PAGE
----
Note the parts of the body that are not in pain. If a child is preoccupied and over-focused on pain, and not open to coping, use language that shifts the child’s attention. Six-year-old Josh, paediatrician colleague Dan Kohen’s son, was on a picnic with a group of friends. Another boy about his age fell while running and banged his knee. As he sat screaming on the ground, holding his knee, Josh was the first one to reach him. As the adults approached moments later, they heard Josh asking his playmate, “How’s your other knee?” In a flash, his friend stopped crying, turned his attention to his other knee and said it was fine. Then they both got up again to play.

Shifting attention to where it is not hurting moves a child out of panic or shock. You can then delineate the limits of the pain. For example, if a child feels trapped by persistent pain: “I know your leg in traction is hurting with the pin in place but is it sore in your hip?” No? Good. How about in your back? No? Excellent. And in your ankle? No? I’m very pleased to hear this because it means that the pain is contained from the top of your leg to your calf but it isn’t in your hip, your back or your ankle. We’ll check this again, after you’ve had your medication in an hour, and see how much it has improved.”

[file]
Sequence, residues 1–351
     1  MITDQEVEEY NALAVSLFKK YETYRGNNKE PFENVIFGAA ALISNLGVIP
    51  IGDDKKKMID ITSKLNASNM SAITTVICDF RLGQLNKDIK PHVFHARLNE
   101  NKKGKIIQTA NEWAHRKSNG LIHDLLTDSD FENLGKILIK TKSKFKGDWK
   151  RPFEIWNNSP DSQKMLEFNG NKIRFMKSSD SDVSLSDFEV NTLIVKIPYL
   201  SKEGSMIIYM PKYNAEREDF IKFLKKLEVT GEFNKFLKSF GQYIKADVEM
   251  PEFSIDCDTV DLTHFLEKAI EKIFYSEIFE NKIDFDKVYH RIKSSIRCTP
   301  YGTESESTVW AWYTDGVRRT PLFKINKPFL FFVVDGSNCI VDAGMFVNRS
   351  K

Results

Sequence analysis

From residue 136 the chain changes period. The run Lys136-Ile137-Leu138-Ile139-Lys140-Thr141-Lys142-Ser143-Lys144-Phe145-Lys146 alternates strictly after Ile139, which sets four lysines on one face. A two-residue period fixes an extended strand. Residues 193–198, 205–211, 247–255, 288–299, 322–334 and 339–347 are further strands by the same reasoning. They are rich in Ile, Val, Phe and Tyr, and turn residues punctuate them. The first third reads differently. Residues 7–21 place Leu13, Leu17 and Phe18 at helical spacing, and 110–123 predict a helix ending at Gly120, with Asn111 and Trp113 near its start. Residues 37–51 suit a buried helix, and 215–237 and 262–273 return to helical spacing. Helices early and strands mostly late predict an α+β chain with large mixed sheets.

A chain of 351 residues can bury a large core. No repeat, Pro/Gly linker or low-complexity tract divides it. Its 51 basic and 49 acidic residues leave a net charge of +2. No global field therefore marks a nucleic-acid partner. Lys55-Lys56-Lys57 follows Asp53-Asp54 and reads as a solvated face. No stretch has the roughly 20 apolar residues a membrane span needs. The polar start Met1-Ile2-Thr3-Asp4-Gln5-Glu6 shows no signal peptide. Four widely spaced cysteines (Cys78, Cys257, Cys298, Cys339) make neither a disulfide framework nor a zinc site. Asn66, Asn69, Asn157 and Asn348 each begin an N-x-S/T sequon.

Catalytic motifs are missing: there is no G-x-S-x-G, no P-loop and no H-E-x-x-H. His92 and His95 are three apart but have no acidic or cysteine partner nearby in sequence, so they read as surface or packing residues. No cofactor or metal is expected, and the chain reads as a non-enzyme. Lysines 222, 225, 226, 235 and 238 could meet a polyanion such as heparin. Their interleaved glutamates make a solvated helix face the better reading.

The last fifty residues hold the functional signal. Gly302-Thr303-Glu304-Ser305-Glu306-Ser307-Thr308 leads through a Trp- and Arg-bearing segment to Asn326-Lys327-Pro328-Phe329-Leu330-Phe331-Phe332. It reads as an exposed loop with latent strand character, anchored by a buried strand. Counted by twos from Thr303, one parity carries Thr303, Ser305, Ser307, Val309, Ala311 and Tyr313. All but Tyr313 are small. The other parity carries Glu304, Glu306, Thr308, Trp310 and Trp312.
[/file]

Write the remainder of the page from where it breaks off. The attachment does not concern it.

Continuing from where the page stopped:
Where possible, let the child know that what he or she is experiencing is normal and not life threatening nor the result of a terrible disease. Children have active imaginations and, unless correctly informed, may imagine the worst: “Your pain is strong because your arm is broken and bruised. The nerves in your arm are sending fast and strong messages to your brain so that you know not to move it. This is usual when a bone breaks. So, to bring comfort and better messages back into your body, we’re going to do the following...”

Remind the child that the pain will come to an end. Always truthfully provide the child with some idea of when the pain is likely to ease or go entirely. (Fit this into developmentally appropriate language for the child. For a pre-school child, you could say, “After one sleep, you’ll be able to get out of bed and the ‘hurt’ will be gone”.) Choose phrasing that conveys that pain will come to an end: “I’m wondering how quickly and easily you’ll notice the easing of your discomfort, because children’s bodies heal quickly.” Pain is rarely a steady consistent sensation and children’s bodies do repair and heal much more quickly than those of adults.


This article first appeared in "Human Givens Journal" Volume 17 - No. 4 (2010)